Living

Think about it: Drivers licenses drive us

A colorized postcard of cars parked in front of the Harrison County Courthouse in Gulfport is symbolic because it was in 1918, within years of this image, that the state mandated registration for vehicles in every county. Drivers didn’t need licenses for 20 more years.
A colorized postcard of cars parked in front of the Harrison County Courthouse in Gulfport is symbolic because it was in 1918, within years of this image, that the state mandated registration for vehicles in every county. Drivers didn’t need licenses for 20 more years. Southern Possum Tales Archives

Today, rare is the wallet that does not contain a drivers license or an ID from Mississippi Department of Motor Vehicles, or whatever state we live in. That’s not always been the case.

Today we Americans do little without a drivers license identification. That can be true at some voting polls, at a store writing a check (yes, some folks still do that), proving age at a drinking establishment, entering a military base as a guest, checking into a hotel, even getting a passport to travel overseas.

Woe be the soul caught behind the wheel without one. The li’l ole drivers license has importance far beyond its size, despite those barely recognizable DL “mug shots” we must claim as us.

Obviously, the automobile brought with it a new mode of identification as well as transportation.

Mississippi’s first automobile crashed onto the Coast scene in June 1900, but nearly four decades passed before the state created a law to require a license to drive.

Car registration

Car registration was mandated long before most states required drivers licenses. With tens of thousands of autos clogging a sparse number of paved streets, all states by 1918 required all motorized vehicles to be registered. That registration led to license plates for displaying the assigned numbers.

But in 1918 only seven of those states also required drivers licenses despite public concern over incompetent driving. Only three of those seven required driving exams before they issued the licenses. Basically, you could obtain a license without proving you could safely drive.

Mississippi didn’t jump on the DL bandwagon until 1938, with six other states even slower. The last to mandate a drivers license was South Dakota in 1954, and that “Under God, the People Rule!” state didn’t require a driving exam for another five years.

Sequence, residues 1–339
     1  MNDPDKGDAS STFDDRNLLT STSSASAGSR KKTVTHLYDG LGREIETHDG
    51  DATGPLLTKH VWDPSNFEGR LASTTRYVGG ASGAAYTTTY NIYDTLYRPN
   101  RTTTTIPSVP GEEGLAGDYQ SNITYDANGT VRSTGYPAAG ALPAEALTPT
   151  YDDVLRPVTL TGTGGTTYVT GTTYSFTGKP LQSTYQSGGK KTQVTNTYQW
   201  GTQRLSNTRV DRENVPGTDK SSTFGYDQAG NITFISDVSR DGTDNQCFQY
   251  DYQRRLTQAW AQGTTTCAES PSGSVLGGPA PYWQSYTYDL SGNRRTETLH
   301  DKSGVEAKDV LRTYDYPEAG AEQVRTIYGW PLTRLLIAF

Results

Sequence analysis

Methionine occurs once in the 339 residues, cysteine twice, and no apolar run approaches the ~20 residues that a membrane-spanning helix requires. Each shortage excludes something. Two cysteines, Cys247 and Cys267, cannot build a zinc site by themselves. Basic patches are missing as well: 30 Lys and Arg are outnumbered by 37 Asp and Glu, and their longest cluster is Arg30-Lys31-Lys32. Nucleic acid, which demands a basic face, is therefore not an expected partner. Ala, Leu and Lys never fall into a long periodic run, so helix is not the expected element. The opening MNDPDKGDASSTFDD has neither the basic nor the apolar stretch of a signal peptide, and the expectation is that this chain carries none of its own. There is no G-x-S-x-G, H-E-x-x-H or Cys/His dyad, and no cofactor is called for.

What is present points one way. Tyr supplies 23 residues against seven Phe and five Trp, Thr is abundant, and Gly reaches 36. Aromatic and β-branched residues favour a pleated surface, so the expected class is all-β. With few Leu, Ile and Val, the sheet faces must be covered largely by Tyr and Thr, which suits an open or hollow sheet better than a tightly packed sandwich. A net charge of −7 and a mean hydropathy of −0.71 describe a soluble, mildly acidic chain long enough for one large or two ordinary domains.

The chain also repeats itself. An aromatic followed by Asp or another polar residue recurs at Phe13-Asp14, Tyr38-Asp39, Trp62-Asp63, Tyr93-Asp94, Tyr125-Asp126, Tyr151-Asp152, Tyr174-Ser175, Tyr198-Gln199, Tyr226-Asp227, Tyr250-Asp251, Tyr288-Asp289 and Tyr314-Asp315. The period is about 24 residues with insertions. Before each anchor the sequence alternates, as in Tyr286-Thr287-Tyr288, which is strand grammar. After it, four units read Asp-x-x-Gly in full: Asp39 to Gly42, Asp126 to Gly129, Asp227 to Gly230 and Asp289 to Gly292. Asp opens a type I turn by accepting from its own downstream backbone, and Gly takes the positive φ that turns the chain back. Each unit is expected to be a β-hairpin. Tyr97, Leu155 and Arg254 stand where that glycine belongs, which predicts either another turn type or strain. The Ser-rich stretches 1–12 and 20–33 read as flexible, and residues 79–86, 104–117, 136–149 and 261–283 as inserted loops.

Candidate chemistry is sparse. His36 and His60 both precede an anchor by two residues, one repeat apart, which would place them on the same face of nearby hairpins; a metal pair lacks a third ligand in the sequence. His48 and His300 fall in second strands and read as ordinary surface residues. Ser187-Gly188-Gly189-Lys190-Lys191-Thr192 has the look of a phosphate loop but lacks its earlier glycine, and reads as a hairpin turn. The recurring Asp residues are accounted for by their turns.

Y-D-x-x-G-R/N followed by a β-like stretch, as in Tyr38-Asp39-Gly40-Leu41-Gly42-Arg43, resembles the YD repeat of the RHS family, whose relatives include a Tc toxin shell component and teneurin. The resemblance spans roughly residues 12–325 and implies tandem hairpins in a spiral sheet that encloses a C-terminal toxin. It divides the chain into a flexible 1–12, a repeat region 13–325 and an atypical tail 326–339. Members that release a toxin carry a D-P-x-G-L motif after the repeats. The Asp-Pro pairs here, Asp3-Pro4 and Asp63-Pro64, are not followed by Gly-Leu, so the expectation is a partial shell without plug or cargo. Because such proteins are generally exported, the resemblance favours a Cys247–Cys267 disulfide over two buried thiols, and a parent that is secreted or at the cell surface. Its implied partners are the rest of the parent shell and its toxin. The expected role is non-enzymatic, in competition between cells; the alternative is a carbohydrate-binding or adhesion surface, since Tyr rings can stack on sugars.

Not happy about it

Mississippians weren’t happy when this state passed its first drivers license law, followed eight years later by a required driving test. Early drivers simply ignored the law, especially on the Coast, where many were slow to accept that state and local governments could claim the power to authorize or deny anyone driving a motorized vehicle.

This newspaper admonished Coast residents for not following the new rules.

“Some 30 additional patrolmen are being put on throughout the state to check up on the licenses, but it appears that the Coast is the state’s ‘sore spot’ as licenses have not been secured in this section as they have elsewhere in the state,” reported a July 27, 1940, article headlined “Must Secure Drivers’ Licenses or be Fined.”

“Word was received today that after August 1 the state highway patrol would have men on the Coast checking up on licenses and that $5 fines would be assessed those not having licenses.”

Ignored

The state’s August 1 deadline for drivers license applications was being ignored, with only 1,800 applications for the estimated 7,000 licenses that should be issued in just Biloxi.

That 1940 fine equates to $90 today. Interestingly, driving without a license today in Mississippi would bring a fine between $200 to $500. The li’l ole DL joins combustion engines, electricity, Cyber Space and other things on the list that now drive our lives.

Changing landscape

On the Coast, the automobile brought great change of landscape.

Eminent domain was used to create a two, then four lane U.S. Highway 90. Vintage oaks were felled for buildings to lodge and entertain all the new, mobile visitors and residents. A road-protecting seawall forever changed the natural beach that greeted 1699 French explorers.

From time to time, we’ll explore some of these auto-driven changes, just as influential today as yesterday when the engine from the Coast’s first crashed car was used to motorized a Biloxi sailing schooner.

Kat Bergeron, a veteran feature writer specializing in Gulf Coast history and sense of place, is retired from the Sun Herald. She writes the Mississippi Coast Chronicles column as a freelance correspondent. Reach her at BergeronKat@gmail.com or at Southern Possum Tales, P.O. Box 33, Barboursville VA 22923.

  Comments